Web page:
Redfin (RDFN -1.37%) peaked at more than 14 times its current stock price in 2021, and it isn't hard to see why investor sentiment has soured. At that time, the U.S. real estate market was on fire. Home prices had started to rise rapidly but interest rates were still near all-time lows, keeping market activity elevated. The stock market was soaring and low-cost capital was abundant. Plus, investors had high hopes that the Redfin Now iBuying business was going to be a massive growth driver.

What went wrong?

Fast-forward to the present time, and things look very different. Real estate prices have mostly stabilized, but mortgage rates are roughly double what they were at Redfin's peak, which has caused existing home inventories and buyer activity to grind to a near-halt in many markets. The company has been losing money at an alarming pace, and decided to shut down Redfin Now, which was responsible for much of it.

Plus, Redfin went on somewhat of an acquisition spree, acquiring RentPath out of bankruptcy for $608 million and mortgage lender Bay Equity Home Loans for about $138 million. To put these numbers in perspective, these acquisition prices are roughly equal to the company's entire current market cap. In retrospect, it's tough to justify these, especially with the mortgage market operating at a fraction of the volume of a couple years ago.

As of this writing, Redfin trades for 93% less than its all-time high, and that's after more than doubling from its late 2022 lows.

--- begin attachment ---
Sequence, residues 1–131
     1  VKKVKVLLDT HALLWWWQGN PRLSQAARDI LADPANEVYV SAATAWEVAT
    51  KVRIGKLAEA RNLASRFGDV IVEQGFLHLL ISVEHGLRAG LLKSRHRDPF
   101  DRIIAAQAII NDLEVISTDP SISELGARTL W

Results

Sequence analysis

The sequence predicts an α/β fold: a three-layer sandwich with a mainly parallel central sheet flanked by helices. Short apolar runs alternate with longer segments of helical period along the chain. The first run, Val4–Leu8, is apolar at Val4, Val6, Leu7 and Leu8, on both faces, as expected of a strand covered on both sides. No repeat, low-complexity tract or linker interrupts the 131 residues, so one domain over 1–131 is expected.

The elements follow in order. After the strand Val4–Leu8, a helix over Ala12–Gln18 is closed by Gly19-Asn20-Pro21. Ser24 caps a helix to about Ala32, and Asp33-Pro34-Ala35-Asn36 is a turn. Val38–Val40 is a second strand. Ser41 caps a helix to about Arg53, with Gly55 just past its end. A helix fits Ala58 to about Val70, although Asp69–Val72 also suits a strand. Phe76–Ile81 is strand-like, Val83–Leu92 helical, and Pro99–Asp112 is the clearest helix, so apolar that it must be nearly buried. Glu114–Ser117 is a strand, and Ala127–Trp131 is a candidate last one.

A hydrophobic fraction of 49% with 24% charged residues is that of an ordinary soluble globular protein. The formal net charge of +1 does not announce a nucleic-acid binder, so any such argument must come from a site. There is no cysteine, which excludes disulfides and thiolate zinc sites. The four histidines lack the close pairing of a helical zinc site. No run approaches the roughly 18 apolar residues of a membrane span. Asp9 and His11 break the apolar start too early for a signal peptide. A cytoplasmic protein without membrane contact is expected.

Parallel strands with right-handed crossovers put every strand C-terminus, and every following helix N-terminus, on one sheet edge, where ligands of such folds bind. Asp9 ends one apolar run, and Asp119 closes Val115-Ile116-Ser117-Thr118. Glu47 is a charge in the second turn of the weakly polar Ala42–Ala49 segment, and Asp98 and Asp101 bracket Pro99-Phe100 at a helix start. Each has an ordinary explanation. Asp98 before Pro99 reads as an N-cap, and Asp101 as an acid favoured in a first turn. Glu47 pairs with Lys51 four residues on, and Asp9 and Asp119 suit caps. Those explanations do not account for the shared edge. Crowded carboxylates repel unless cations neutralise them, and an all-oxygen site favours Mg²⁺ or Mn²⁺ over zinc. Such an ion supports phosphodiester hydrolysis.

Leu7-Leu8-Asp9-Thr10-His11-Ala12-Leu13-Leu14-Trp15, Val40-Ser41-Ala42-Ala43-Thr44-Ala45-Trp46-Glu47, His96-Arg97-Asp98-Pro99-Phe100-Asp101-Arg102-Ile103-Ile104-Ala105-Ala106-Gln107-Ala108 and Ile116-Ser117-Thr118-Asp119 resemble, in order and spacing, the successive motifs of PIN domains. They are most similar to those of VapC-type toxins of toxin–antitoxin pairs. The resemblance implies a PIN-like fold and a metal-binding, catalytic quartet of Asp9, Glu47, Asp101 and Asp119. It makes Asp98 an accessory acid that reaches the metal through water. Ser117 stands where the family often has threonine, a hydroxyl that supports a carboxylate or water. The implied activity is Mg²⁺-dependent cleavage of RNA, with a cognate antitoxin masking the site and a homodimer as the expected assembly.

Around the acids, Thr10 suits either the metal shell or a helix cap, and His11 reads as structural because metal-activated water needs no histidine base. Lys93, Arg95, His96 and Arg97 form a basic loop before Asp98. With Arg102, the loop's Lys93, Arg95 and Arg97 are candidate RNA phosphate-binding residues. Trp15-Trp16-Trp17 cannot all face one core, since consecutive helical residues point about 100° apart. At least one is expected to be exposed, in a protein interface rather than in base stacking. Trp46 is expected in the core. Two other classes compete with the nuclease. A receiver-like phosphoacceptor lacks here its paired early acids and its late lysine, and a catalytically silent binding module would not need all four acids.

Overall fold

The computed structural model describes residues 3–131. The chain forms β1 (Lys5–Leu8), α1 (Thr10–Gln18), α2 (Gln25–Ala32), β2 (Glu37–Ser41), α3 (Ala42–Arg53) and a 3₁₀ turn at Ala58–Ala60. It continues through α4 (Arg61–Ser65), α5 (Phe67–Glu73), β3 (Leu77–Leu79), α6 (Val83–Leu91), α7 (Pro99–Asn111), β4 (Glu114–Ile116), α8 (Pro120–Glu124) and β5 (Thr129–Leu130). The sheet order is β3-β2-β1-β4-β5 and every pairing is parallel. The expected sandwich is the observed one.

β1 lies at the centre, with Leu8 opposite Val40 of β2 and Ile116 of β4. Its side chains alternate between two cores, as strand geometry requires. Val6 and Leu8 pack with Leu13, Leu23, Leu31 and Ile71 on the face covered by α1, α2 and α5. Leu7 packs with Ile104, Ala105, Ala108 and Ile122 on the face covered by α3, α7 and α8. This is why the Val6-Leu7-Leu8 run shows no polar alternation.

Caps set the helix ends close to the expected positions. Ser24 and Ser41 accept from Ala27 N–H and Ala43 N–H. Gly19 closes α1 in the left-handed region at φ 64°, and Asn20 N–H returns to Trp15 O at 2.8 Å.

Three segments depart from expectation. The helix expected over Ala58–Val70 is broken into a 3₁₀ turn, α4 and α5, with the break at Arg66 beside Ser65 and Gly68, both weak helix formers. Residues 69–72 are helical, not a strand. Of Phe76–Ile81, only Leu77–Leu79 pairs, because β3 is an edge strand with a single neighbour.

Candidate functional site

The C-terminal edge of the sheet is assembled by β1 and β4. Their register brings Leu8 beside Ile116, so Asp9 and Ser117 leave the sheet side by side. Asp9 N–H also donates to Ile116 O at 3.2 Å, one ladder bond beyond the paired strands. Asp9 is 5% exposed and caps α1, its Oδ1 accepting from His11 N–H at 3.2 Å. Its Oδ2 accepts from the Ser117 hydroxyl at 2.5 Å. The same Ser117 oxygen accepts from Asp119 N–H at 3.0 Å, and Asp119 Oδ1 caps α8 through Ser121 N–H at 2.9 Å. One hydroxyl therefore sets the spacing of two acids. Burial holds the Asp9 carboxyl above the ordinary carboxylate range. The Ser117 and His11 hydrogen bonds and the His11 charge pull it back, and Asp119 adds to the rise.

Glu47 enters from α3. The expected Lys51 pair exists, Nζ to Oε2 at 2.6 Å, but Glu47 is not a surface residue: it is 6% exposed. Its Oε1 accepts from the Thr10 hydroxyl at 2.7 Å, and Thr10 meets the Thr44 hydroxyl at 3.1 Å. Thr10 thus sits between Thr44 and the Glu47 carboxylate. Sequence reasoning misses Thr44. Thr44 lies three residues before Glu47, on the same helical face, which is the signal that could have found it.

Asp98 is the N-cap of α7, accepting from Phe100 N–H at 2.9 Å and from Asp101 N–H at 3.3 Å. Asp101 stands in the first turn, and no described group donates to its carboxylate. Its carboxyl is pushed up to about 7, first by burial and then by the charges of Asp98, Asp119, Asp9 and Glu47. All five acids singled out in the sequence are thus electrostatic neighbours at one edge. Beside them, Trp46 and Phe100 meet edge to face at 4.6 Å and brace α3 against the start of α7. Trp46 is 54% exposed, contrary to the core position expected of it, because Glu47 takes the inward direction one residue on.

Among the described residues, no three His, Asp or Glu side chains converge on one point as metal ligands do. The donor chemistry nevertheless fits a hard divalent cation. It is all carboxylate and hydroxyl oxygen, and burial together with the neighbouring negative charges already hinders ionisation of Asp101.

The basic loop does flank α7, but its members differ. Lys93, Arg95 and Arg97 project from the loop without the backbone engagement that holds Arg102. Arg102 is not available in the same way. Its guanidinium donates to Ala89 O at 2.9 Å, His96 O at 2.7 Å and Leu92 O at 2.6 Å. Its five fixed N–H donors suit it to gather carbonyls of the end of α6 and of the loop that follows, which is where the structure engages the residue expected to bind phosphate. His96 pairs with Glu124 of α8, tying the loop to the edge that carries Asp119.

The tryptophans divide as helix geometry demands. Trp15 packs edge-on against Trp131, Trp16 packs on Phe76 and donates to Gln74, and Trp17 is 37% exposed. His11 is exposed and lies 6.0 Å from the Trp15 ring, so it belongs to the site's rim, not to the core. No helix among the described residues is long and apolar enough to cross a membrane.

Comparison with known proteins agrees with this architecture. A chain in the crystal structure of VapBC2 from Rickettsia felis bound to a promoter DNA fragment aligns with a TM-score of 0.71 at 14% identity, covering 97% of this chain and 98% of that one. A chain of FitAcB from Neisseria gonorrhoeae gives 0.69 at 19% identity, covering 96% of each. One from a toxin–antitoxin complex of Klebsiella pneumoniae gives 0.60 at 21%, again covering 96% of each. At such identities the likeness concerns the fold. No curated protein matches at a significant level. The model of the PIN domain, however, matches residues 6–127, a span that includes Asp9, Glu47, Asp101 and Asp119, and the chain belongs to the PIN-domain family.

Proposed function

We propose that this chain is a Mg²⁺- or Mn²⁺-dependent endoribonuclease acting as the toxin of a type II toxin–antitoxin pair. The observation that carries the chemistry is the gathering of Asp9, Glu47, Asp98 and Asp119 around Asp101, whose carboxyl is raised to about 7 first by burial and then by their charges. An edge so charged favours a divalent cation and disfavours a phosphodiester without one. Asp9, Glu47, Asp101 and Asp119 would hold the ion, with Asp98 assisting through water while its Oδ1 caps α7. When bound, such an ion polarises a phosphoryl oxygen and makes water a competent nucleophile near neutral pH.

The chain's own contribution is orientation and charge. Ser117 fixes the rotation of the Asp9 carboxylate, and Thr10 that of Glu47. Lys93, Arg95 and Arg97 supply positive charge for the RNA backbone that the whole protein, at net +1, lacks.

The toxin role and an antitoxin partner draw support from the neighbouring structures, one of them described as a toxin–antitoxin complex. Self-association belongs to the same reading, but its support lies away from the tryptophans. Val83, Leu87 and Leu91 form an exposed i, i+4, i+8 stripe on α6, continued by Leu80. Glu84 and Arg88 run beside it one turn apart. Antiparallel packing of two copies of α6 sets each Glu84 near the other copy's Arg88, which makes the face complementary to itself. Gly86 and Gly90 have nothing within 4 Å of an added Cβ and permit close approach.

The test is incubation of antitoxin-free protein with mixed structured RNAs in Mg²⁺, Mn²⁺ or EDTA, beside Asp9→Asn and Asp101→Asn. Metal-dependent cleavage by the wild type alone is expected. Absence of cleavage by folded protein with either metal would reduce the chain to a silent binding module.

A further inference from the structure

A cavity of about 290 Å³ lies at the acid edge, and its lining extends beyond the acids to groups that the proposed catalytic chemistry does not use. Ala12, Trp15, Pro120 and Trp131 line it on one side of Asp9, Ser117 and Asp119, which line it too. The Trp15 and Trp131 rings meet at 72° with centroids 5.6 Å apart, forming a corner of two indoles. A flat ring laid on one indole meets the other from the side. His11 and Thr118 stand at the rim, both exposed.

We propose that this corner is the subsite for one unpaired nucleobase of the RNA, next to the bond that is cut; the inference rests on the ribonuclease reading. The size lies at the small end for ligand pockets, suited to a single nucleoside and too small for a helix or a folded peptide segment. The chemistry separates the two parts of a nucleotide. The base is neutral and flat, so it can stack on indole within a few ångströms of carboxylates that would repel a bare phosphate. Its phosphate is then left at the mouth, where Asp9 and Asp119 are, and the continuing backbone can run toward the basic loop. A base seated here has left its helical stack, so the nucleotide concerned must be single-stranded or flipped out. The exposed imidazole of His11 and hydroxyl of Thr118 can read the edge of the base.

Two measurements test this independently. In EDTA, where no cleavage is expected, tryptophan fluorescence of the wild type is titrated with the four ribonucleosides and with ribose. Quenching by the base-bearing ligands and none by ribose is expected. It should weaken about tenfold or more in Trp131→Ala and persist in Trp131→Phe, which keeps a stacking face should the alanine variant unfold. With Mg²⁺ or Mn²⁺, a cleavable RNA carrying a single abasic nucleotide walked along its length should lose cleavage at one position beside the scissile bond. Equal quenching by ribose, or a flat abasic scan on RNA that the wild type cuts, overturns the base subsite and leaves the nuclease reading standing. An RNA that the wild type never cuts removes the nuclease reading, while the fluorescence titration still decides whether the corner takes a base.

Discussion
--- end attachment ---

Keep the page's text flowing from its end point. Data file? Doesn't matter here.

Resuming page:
Why I bought Redfin and don't plan to sell

Despite the terrible stock performance, I think this could be an opportunity for patient (and risk-tolerant) investors to add shares of this real estate innovator. In fact. I started building a position in Redfin in late 2022 and have added to it several times in the months since.

For one thing, Redfin is making the right moves in a difficult situation. It made the tough decision to complete several rounds of layoffs, shut down Redfin Now, and decided to focus on its core real estate services businesses.

The brokerage business is the heart of the company and provides a tech-focused solution for buyers and sellers. And while there are other brokers that use a tech-heavy approach, such as EXP World Holdings (EXPI -0.14%), Redfin is the only one that aims to disrupt the antiquated commission structure by charging sellers half of the traditional 3% selling fee. Since 2017, Redfin has grown its share of existing U.S. home sales from 0.42% to 0.8%, but there is still plenty of room to grow.

Furthermore, Redfin's RentPath acquisition could still prove to be a major asset. The deal came with several major brands, such as ApartmentGuide.com, which not only creates a new market opportunity, but gets renters who will eventually want to buy a home into Redfin's ecosystem. And while the investment in its mortgage business might look like an ill-timed move (and it was), it is setting the company up for tremendous cross-selling potential if and when the housing market improves.

Can Redfin rebound?

To be clear, it's not likely that Redfin is going to reach a new all-time high anytime soon. That would require a roughly 14x move from the current level.

However, there's room for the core brokerage business to multiply in size several times over the coming years, and as the real estate market rebounds, there's potential for serious revenue growth. Redfin's management thinks the company will be profitable in 2024, and if it can achieve this through a combination of growth and cost reductions, it could be a major positive catalyst for the stock.